Being fake is a now a full-time job

socialmedialife

I have something to admit to you. I am tired.

I am extremely tired.

Yes. I admit that I drive from New Jersey to Maryland twice a week amounting to 12 hours in a car per week. I also get up at 5am to do this and get home generally around 930pm to then eat, do more work if needed or try and relax, and then do it again. I do this for my career, and yes it makes me tired enough to fall asleep for four hours on a Saturday afternoon after sleeping ten hours that night. But that isn’t why I am tired, or at least it isn’t why I am writing this post. I am so very extremely tired of the nonstop fire hose of bullshit that is being spewed on a daily basis, from what seems like every human being on the planet twenty-four hours a day for the sole purpose of egocentric grandstanding. And I know. We get it. People are narcissistic on social media. What is he going to tell us next, “that a lack of sleep makes you tired?” No. I mean well yes a lack of sleep makes you tired. I am living proof of that, and I am sure I am slowly taking years off my life, but we already talked about that.  I am not just ranting about the “people are ego maniacs on social media” thing. I get it. That is old hat as they say (in the early part of the twentieth century).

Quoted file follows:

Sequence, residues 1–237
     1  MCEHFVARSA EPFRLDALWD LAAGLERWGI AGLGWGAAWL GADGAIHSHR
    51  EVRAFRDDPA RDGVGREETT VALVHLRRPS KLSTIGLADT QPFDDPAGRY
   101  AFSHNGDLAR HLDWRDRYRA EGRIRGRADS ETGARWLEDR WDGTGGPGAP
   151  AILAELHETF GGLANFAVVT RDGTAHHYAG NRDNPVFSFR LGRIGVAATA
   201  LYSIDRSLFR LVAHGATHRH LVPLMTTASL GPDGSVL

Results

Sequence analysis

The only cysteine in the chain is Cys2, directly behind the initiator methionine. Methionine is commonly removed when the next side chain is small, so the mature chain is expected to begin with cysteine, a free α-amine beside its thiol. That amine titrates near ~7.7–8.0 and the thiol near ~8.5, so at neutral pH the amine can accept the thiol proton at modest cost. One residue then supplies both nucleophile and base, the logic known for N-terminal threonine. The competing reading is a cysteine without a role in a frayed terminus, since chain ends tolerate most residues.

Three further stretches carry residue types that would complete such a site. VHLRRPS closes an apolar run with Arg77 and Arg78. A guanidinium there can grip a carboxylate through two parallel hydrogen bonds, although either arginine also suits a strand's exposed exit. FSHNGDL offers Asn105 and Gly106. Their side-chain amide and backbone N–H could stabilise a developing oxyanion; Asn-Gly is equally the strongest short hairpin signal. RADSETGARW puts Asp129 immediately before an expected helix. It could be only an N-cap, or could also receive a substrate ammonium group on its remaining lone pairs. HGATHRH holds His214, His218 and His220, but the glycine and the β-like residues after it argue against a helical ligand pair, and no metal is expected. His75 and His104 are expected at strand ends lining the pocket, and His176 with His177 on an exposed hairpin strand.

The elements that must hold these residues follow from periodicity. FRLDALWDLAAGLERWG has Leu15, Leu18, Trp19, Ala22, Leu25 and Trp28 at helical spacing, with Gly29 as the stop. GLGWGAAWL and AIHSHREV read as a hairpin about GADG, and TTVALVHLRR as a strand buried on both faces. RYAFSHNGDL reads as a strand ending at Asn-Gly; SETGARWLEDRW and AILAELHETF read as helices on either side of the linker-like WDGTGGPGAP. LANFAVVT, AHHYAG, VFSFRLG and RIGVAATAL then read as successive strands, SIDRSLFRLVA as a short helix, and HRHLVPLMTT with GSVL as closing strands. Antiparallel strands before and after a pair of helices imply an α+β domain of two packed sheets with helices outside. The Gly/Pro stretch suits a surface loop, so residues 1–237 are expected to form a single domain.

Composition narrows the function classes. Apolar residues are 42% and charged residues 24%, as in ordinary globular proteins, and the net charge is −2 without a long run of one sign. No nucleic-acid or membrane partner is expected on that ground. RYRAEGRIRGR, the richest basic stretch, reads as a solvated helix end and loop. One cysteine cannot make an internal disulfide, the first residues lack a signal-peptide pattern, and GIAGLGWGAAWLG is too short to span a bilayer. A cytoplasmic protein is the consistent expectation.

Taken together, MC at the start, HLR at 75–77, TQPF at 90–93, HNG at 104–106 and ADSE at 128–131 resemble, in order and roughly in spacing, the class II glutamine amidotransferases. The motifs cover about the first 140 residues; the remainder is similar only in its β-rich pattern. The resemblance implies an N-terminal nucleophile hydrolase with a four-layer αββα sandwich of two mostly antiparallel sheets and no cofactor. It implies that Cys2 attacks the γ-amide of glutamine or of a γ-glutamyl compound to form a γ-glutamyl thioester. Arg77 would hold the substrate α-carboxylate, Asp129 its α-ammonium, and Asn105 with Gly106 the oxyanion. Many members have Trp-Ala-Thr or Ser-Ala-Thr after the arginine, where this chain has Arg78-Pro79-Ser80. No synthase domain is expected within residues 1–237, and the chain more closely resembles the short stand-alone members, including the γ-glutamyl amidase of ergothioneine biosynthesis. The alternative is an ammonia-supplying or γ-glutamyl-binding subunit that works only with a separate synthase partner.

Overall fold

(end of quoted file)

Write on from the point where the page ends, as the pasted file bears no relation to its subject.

Continue reading “Being fake is a now a full-time job”

Note to Google+ – Our privacy is more than a toggle

Google-plus

With the recent release of Google+ tech geeks are all in a frenzy trying out the site, documenting its every change, and comparing it to the reigning champion of social networking, Facebook. One of the main topics of discussion has focused on Google’s take on privacy, something its predecessor has continuously been attacked for, and in most if not all cases, the attacks were warranted. Facebook, and founder Mark Zuckerberg, have thus earned a reputation for poor communication of changes that affect privacy, and overall manipulation of user settings to mirror Zuckerberg’s philosophy on social sharing of information. The number of times and the consistency of such changes have left a bad taste in many Facebook user’s mouths, and have paved the perfect road for a challenger. In steps the juggernaut, Google, an icon and master of the Internet, but so far a failure at making their products social. In fact Google has had its own issues with privacy. In 2010 Google released the unsuccessful (yet still around for some reason) Google Buzz, which automatically set up followers based on email and chat behavior, and then shared those followers with the whole world.  Prior to that Google tried to change how we collaborate with the release of Google Wave, also a decent size failure, but something that may later get characterized as too much too soon, and not due to a lack of trying. With its latest foray into the world of social networking, Google+ has taken great strides to convince the millions of new users that they care about privacy. They have done this by providing almost all features within Google+ the ability to restrict viewing and access (minus your profile photo that seems to just exist forever until you swap it out with a new one), and have made doing so very easy with simple to use toggles. Continue reading “Note to Google+ – Our privacy is more than a toggle”